Roman and Greek Cultures
Art History 106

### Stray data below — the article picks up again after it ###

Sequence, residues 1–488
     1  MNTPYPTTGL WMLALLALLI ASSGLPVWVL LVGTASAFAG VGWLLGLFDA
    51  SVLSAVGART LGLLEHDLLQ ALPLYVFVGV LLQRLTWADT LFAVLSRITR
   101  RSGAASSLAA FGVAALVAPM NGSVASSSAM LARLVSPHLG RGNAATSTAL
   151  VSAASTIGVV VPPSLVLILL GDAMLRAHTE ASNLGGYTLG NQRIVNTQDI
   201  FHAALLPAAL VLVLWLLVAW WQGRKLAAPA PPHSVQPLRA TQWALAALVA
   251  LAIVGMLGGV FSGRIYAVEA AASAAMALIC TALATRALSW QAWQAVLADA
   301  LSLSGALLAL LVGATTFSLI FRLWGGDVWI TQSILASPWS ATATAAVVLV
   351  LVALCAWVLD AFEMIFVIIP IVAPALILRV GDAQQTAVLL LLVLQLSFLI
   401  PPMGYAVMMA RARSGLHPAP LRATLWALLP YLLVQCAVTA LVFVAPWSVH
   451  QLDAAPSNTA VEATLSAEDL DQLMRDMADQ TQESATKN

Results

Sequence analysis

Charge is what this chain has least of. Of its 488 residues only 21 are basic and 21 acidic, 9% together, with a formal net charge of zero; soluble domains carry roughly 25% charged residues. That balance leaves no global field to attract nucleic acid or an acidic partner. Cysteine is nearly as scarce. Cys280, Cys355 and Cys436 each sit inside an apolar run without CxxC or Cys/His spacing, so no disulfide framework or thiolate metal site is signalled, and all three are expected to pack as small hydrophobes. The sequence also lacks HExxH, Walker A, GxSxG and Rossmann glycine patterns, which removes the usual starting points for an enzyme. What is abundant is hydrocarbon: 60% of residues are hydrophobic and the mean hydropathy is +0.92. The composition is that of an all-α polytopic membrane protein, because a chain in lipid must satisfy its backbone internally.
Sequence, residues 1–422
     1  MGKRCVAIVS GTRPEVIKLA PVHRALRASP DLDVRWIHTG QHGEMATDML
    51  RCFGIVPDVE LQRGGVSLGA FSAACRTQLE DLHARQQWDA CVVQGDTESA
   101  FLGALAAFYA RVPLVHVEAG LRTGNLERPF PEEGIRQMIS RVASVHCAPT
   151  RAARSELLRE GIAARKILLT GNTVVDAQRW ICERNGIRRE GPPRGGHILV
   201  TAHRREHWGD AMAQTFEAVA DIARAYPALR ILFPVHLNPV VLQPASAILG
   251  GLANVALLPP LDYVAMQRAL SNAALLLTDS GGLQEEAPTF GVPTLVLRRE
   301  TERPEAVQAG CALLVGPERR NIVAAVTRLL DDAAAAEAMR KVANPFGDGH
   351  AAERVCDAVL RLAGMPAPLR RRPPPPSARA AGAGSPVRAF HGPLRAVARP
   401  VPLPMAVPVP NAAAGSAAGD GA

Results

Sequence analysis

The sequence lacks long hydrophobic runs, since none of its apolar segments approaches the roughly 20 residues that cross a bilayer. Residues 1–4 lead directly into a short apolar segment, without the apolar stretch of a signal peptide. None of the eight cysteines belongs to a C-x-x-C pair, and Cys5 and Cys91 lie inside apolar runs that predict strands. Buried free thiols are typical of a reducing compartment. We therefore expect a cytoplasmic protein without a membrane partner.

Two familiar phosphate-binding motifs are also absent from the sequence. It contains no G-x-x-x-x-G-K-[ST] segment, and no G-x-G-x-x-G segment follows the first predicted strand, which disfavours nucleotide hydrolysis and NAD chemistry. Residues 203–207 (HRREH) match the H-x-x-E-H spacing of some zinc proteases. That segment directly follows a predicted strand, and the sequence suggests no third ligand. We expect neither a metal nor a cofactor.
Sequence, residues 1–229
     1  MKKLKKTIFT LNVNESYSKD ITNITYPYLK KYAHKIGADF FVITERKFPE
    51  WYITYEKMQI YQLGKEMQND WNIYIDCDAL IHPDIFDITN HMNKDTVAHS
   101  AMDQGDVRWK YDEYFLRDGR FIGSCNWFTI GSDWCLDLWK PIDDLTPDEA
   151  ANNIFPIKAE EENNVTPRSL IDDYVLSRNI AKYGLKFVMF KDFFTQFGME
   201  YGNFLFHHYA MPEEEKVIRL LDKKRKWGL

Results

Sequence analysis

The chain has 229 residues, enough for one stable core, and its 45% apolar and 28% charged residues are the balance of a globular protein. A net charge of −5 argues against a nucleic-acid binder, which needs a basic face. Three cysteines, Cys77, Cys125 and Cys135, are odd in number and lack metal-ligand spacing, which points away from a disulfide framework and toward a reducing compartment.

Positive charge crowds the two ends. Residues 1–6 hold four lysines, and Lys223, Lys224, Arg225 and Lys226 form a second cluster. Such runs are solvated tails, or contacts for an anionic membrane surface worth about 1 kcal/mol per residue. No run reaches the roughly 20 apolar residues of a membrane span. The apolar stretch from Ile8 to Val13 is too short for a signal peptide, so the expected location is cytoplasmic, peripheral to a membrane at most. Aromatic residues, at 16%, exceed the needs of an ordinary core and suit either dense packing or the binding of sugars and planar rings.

The Roman and Greek era is one of the most interesting and captivating times in history. From the epic poetry to the wars of Julius Caesar, nothing compares. Though we read about the Greeks and the Romans, there are a lot of similarities and differences between them both. The Greeks keep the heart of human circumstances in matters of love or war and government or social behavior (Greeks). Unlike the Greeks, the Roman civilization dealt with their conquest and expansion of their existence (Roman). The civilization of ancient Rome, lasting from about the first century B.C. to the fifth century A.D., is often referred to as Greco-Roman or as classical (Wikipedia). The two cultures are similar in ways of thinking and creating which is different from other ancient cultures. Although they don’t always show their similarities, they both rule by law and discussion through philosophy and many of their points contrast. Greek literature is motifs and classic concepts (Religion). The Greeks were the first to be interested in and indeed glorified human beings (Greek). They were the first to express themselves in ways that can be designated as typically Western. The Greeks emphasize on the uniqueness of the development of the Western humanities (Greek). Greek literature upholds the heart of human situations, human capability, and a weakness in their traits of what starts with the first writer of Western literature, Homer. Although he did not write, Homer belonged to an oral tradition, as a singer of tales (Homer). Homer’s original purpose of the epic poetry, to sing the famous deeds of men, is to teach people in a pleasurable way about the great heroes of their culture (Homer). Throughout the Achainan culture, which the Greeks were called, were two great Homeric epics such as the Iliad and the Odyssey, which Homer emphasizes on humanistic values, honor, truth, compassion, loyalty, devotion to...
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